An obvious solution starts with making all fees transparent and readily available both before and during an encounter. People need to know that the price paid for an MRI in one location can be $4000, but just $500 a few blocks away. A colonoscopy can be $8000 or $1000 simply depending on location. An emergency room visit can cost thousands of dollars but far less in a primary care or urgent care facility. An insurance company recently reimbursed an emergency room in Florida $36,000 to administer a rabies vaccine which, in a private doctor’s office would have cost $3000. Only insurance companies know the details of fee variation, yet they rarely instruct patients on where to get lower cost care. Information about fees will be much more useful when they are paired with quality measures. Until such information is available, primary care physicians can help direct patients to high quality low cost centers as long as fees are available in real time during a visit.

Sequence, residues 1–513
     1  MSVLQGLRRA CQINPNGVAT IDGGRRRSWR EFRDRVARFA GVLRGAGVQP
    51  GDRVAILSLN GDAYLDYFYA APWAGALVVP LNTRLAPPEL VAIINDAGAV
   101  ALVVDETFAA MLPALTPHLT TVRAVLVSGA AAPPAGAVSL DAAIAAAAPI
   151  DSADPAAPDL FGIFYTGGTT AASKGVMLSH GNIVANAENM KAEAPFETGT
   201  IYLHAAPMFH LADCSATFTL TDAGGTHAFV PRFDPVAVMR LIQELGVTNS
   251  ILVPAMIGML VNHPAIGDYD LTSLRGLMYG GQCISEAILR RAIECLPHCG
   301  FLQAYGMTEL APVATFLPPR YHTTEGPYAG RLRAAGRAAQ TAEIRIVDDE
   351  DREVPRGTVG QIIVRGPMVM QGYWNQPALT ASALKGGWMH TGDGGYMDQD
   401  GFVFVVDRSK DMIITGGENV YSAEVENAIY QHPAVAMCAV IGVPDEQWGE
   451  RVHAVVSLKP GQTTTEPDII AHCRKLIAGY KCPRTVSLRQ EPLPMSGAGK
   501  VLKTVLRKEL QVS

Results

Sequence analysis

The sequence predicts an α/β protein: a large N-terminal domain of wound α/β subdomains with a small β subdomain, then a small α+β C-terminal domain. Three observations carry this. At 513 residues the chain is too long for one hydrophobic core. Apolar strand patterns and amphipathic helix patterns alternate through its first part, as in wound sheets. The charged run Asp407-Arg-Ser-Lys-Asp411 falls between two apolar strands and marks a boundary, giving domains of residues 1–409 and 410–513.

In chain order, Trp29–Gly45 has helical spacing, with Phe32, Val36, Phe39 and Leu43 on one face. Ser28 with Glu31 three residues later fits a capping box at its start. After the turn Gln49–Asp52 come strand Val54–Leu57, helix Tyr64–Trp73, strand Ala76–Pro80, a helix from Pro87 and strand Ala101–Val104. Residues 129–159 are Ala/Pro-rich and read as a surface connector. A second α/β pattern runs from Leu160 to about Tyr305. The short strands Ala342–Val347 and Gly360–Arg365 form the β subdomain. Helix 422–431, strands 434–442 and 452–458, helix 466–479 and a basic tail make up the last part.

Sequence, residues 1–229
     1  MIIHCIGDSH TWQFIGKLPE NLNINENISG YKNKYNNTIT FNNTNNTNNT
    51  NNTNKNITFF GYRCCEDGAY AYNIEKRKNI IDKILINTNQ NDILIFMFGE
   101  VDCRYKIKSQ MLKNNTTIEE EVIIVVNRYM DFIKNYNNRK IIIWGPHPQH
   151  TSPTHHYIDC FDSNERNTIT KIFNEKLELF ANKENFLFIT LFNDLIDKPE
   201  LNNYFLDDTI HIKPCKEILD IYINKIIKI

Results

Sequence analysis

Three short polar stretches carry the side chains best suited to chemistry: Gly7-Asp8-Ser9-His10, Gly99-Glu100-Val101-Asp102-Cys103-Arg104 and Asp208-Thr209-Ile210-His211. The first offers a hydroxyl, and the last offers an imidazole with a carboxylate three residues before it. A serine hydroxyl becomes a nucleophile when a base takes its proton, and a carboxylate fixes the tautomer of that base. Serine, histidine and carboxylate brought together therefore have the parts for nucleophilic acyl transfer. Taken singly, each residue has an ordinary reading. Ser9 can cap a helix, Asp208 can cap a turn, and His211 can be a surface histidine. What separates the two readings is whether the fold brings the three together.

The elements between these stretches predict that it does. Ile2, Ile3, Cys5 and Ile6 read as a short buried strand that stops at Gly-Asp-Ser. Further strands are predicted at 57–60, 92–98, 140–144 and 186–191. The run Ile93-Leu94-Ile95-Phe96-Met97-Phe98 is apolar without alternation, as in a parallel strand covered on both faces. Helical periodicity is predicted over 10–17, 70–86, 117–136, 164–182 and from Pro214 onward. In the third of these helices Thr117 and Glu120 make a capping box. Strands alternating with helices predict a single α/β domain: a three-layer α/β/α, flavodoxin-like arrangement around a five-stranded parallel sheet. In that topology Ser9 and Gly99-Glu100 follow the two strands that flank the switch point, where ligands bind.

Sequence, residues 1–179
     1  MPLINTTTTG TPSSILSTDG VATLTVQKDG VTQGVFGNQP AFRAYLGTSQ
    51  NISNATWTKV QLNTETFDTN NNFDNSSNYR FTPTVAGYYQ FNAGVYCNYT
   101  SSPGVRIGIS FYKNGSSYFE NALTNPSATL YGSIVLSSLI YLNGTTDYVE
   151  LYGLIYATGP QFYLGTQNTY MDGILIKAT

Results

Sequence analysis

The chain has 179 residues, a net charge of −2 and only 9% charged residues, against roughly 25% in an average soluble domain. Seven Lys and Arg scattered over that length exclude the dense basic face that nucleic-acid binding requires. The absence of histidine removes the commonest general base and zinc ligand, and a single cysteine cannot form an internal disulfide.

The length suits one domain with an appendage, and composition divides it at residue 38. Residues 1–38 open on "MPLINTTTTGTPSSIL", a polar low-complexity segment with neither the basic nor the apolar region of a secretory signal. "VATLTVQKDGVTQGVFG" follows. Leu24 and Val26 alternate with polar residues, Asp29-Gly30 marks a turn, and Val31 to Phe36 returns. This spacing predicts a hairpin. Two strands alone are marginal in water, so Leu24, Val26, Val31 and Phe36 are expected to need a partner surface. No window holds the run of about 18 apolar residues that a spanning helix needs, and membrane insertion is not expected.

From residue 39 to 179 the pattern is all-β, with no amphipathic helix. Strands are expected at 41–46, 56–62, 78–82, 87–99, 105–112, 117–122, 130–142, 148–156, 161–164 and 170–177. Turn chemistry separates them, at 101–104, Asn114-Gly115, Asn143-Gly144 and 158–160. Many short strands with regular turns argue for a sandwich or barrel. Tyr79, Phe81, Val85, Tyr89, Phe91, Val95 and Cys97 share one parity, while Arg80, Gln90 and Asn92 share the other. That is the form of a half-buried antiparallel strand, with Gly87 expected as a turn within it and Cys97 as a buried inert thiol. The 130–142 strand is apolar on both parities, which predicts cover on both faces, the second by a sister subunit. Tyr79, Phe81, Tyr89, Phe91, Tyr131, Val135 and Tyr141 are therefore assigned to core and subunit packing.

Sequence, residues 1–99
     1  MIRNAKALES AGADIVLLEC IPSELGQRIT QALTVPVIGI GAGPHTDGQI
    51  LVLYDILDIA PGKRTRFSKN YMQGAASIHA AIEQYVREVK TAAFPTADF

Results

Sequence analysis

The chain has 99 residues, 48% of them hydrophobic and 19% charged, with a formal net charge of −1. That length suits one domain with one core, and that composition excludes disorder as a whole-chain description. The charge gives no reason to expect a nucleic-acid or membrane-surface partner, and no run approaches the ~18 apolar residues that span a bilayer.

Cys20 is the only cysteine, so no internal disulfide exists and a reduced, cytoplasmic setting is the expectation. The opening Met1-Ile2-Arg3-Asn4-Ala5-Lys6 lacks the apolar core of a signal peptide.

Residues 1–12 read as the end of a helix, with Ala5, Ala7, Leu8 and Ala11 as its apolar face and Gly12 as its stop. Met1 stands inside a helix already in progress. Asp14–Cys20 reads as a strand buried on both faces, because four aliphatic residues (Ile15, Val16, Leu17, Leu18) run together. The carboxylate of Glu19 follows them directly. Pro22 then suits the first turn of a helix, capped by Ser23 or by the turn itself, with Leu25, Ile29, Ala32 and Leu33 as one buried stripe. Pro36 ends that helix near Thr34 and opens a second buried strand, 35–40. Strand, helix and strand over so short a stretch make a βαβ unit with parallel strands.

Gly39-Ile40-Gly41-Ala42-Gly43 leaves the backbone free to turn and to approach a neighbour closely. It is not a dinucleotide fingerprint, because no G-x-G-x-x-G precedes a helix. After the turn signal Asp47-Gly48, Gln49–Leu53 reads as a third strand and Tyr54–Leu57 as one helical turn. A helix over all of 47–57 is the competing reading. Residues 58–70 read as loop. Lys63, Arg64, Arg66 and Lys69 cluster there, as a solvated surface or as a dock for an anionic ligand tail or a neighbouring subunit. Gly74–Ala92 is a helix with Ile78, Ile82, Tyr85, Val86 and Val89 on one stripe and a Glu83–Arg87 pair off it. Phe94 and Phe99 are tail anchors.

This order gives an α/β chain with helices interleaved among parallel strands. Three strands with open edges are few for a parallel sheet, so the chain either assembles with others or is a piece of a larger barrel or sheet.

Even when given the opportunity, most American consumers have made little effort to learn about the price of healthcare services. Six states operate websites that show healthcare prices. New Hampshire has one of the best, showing median prices for 124 different procedures. The impact of this site has been small, however, since only 8% of New Hampshire residents have used it. Healthcare consumers need to have skin in the game before they learn to shop for the best value. To change that dynamic, co-insurance rather than high deductibles would keep consumers engaged on cost at all encounters throughout the year. This is exactly how Medicare was designed – requiring that patients cover 20% of their healthcare expenses. Most Medicare recipients, however, bypass this cost sharing role by purchasing gap coverage or Medicare Advantage plans to shield them from that 20%. If consumers are responsible for a portion of the cost, they will be more attentive to prices. The co-insurance percentage can be means-based and range from 1% to 20%. All such policies should also have an annual out of pocket cap (which can also be means based) so that patients with unusually high expenses can be protected.